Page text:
This paper is in review for ICLR 2021:


  • The transformer architecture, known for its performance on NLP tasks, is applied to image classification
  • The proposed architecture, “ViT” (Vision Transformer) is shown to perform as well or better than CNNs for image classification on large scale datasets
  • The usefulness/superiority of the proposed transformer over CNNs only appears when the number of images in the dataset reaches about 100 million
  • The proposed architecture brings a reduction of FLOPS of a factor of 2 to train, compared to CNNs, for a given performance
  • The authors have used more than 25,000 TPUv3 * days over their experiments



  • Images are split into patches (16x16 yields the best results)
  • The patches are flattened, and become the tokens (or “words”)
  • The flattened patches are projected using a MLP
  • Each flattened patch is concatenated with a vector which represents the position of the patch. A positional embedding is learned, which maps a one-dimensional patch index to a vector representation.
  • Note that this allows the very first layer to attend to any part of the image, in comparison with CNNs for which the receptive field develops over many layers.
  • The first token is a dummy, and is only there because the feature vector of the image will appear at that position at the last layer of the network.

Experiment design

  • The models are pre-trained on either ImageNet (1k classes, 1.3M images), ImageNet-21k (21k classes, 14M images) or JFT (18k classes, 303M images).
  • The models are then fined-tuned on one of the datasets listed in the “Benchmarking datasets” section below.
  • Sometimes, the model is not fine tuned, but is evaluated in a few-shot regime. This is not well described in the paper: “Few-shot accuracies are obtained by solving a regularized linear regression problem that maps the (frozen) representation of a subset of training images to \(\{−1,1\}^K\) target vectors. Though we mainly focus on fine-tuning performance, we sometimes use linear few-shot accuracies for fast on-the-fly evaluation where fine-tuning would be too costly.”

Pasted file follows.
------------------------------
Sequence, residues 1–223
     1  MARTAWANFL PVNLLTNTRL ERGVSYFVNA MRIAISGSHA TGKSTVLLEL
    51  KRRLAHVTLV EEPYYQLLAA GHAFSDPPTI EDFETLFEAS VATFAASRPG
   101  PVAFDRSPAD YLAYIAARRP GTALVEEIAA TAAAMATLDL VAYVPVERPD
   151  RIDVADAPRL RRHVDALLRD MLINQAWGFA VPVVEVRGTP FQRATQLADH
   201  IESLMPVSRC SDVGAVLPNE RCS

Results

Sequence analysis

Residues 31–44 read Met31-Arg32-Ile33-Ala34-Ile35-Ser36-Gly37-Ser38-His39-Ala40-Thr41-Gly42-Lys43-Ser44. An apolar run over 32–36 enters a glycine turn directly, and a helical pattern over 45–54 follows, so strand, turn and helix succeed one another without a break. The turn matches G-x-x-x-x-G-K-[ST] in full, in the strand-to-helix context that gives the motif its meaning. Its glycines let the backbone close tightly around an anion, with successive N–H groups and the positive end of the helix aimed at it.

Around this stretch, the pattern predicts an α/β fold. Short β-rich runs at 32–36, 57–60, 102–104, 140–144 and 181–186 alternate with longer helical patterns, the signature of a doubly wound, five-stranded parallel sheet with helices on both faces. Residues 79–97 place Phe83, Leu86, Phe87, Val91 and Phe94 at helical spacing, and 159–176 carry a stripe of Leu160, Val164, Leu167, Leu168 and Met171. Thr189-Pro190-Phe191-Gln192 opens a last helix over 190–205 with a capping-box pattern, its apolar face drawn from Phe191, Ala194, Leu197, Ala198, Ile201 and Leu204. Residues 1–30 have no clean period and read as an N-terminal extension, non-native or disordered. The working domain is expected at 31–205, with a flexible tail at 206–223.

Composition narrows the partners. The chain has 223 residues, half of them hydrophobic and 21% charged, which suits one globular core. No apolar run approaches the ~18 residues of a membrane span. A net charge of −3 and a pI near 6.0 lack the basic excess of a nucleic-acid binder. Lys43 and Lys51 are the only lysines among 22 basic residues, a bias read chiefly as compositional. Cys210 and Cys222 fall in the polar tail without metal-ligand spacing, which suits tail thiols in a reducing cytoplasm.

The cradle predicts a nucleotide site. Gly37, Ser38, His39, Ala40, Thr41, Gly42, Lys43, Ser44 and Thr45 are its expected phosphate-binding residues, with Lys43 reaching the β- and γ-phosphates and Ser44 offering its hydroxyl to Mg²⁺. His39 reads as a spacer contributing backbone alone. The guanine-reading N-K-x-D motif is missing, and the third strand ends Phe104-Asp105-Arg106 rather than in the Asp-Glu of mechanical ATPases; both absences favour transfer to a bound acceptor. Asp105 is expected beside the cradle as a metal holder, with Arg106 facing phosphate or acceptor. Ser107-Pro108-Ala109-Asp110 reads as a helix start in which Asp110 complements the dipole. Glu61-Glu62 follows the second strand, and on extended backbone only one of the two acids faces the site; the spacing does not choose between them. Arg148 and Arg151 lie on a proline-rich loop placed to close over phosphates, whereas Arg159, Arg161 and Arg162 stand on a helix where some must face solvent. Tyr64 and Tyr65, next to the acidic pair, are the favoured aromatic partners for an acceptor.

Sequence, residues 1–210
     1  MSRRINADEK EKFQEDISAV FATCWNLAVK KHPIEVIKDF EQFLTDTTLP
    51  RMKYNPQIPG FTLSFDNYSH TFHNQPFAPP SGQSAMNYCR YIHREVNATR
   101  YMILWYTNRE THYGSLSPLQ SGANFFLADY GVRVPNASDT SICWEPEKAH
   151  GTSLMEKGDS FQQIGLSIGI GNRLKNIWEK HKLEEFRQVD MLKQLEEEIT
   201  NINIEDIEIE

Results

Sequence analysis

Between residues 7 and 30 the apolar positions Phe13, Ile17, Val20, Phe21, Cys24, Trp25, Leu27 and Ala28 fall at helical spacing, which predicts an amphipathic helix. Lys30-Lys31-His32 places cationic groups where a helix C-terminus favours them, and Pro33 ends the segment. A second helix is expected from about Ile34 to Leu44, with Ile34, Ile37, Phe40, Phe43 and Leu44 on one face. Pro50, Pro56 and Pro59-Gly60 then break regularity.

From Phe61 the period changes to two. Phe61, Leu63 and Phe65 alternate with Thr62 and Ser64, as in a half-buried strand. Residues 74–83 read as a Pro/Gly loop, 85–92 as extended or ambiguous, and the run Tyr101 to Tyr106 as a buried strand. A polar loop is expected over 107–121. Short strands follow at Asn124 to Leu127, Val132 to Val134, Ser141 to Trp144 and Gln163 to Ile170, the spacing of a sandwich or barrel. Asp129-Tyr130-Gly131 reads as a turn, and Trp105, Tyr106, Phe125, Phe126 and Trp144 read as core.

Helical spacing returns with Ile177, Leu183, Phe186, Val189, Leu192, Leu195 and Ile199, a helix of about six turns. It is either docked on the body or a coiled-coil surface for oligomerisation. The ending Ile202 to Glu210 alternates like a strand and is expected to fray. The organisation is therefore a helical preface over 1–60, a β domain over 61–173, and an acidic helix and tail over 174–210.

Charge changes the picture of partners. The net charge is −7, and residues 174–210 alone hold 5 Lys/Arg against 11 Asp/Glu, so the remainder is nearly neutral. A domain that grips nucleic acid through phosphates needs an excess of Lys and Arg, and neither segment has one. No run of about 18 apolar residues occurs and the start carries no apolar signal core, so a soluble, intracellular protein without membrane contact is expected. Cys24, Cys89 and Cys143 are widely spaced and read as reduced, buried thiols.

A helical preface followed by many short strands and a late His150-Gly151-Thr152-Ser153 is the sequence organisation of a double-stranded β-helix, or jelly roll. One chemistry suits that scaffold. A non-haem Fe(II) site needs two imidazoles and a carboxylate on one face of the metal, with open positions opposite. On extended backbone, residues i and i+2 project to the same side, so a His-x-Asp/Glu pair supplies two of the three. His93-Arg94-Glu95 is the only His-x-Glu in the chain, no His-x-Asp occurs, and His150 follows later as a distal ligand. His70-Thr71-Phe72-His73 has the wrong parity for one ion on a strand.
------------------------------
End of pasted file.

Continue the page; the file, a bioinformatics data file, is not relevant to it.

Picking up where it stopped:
• They also have tried self-supervised pre-training, in which the model predicts masked patches. This is given little importance, and the results are “only” promising, so I will not write about this further.

Benchmarking datasets

The experiments have been run on a number of datasets of image classification:

  • ImageNet
  • ImageNet ReaL (“Reassessed Labels”, from Beyer et al. 2020) Code
  • CIFAR10/100
  • Oxford Pets, Oxford Flowers
  • VTAB (Zhai et al., 2019b) (“VTAB evaluates low-data transfer using 1 000 examples to diverse tasks. The tasks are divided into three groups: Natural– tasks like the above, Pets, CIFAR, etc. Specialized– medical and satellite imagery, and Structured– tasks that require geometric understanding like localization.”) Blog post


As seen in the table below, ViT performs slightly better than a very large ResNet, and does so using significantly less FLOPS (for the fine-tuning phase).

However, the pre-training has to involve a very large number of training samples: when this number exceeds 100 million, ViT starts to shine. Else, the ResNet performs better. See below:

ViT also compares favourably in terms of pre-training FLOPS, as seen below:

The “Hybrid” approach uses CNN feature vectors as tokens; it is not considered very important by the authors.

The figures below serve to inspect the vision transformer architecture:


The Vision Transformer is an architecture that can outperform CNNs given datasets in the 100M-image range. It required less FLOPS to train than the CNNs used in this paper.


  • This video is a good commentary on the paper. It offers this interpretation: the transformer is a general architecture, with less priors than a CNN. It can learn the spatial structure of the problem, and a CNN cannot.